As inconvenient and tragic as Sandy was for many Manhattan islanders, it was ten times worse for islanders at the outer fringing edges of Manhattan. Islanders on Breezy Point, Far Rockaway,Staten Island and all along the once picturesque seaside towns built on the barrier islands of New Jersey’s shore experienced the essential nature of her heartless fury. Relentless, pitiless death and destruction.

As much as any of us might initially admire the grit of those standing amid the wreckage of their lives as they voice their determination to rebuild, we should also recognize that we are hearing a repetition of the oldest trope in a Greek tragedy. Hubris, the Greek term for the expression of extreme pride and arrogance, is when the hero shakes his fist at the gods and insists he is beyond their power.

It is important to recognize that we have witnessed something different in Sandy. No scientist will (yet) say that Sandy is a creature of climate change. Climate is, by definition, what happens over a longer period of time than a single storm. A decade, say. But as one acute observer noted, no doctor would agree that a particular home run hit by Barry Bonds was the result of steroid use, but doctors and fans alike recognize that athletes who take steroids will hit more home runs.

The surface waters of the Atlantic seaboard this summer were about two degrees warmer than average. What science tells us is that a warmer ocean will have two effects on storms that form over the ocean. First, a warmer ocean will hold more moisture and second, warmer ocean waters increase the latent energy in storms, which will thus on average be more intense than if they form over cooler waters. We can therefore expect hurricanes to be both more intense and to produce more prodigious volumes of rain.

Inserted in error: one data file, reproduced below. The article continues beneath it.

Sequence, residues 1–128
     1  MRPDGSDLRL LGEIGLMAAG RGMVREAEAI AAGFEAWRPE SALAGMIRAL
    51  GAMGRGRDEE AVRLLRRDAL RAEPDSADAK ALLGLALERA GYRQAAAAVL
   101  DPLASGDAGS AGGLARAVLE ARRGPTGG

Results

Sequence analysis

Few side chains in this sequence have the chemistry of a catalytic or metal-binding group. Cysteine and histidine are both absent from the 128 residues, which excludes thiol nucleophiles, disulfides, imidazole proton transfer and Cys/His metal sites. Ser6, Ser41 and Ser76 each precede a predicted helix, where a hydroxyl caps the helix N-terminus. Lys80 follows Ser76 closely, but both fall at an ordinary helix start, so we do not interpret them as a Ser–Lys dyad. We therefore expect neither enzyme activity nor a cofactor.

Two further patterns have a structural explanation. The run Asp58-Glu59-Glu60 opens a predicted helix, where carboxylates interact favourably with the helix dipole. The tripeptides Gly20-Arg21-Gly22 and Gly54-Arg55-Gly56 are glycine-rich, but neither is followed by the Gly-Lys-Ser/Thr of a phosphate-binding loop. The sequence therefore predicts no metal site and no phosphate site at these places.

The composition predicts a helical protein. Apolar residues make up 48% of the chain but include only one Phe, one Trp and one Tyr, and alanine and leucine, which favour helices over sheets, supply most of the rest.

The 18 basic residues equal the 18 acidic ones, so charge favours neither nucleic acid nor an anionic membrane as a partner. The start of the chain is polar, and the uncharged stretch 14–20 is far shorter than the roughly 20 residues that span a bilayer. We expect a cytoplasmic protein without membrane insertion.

If we know that hurricanes that reach land will be more harmful, we cannot yet know whether there will be more hurricanes. Last year there were 19 named tropical storms in the Atlantic, compared to an average of seven or eight over the past several decades. This year there were also 19 tropical storms with a few weeks yet to go in hurricane season. We also know that sea level is rising—everywhere—from the incontrovertible fact of thermal expansion of warmer ocean waters. It may not seem like much, but slight rises in sea level combined with storm driven waves create catastrophic sea surges for which few coastlines have been designed to absorb or deflect.

In the aftermath of Sandy, the looming question is whether we will we do something different this time? Will we express our hubris again and continue to socialize the costs of rebuilding tragically broken dreams through tax-supported flood insurance subsidies? This is one of the first questions Sandy begs us to answer.

We need a new line in the sand, which is neither straight, nor hard and fast, but conforms to Mother Nature’s sinuous but powerful new whims.

Philip Conkling is president and founder of the Island Institute based in Rockland, Maine.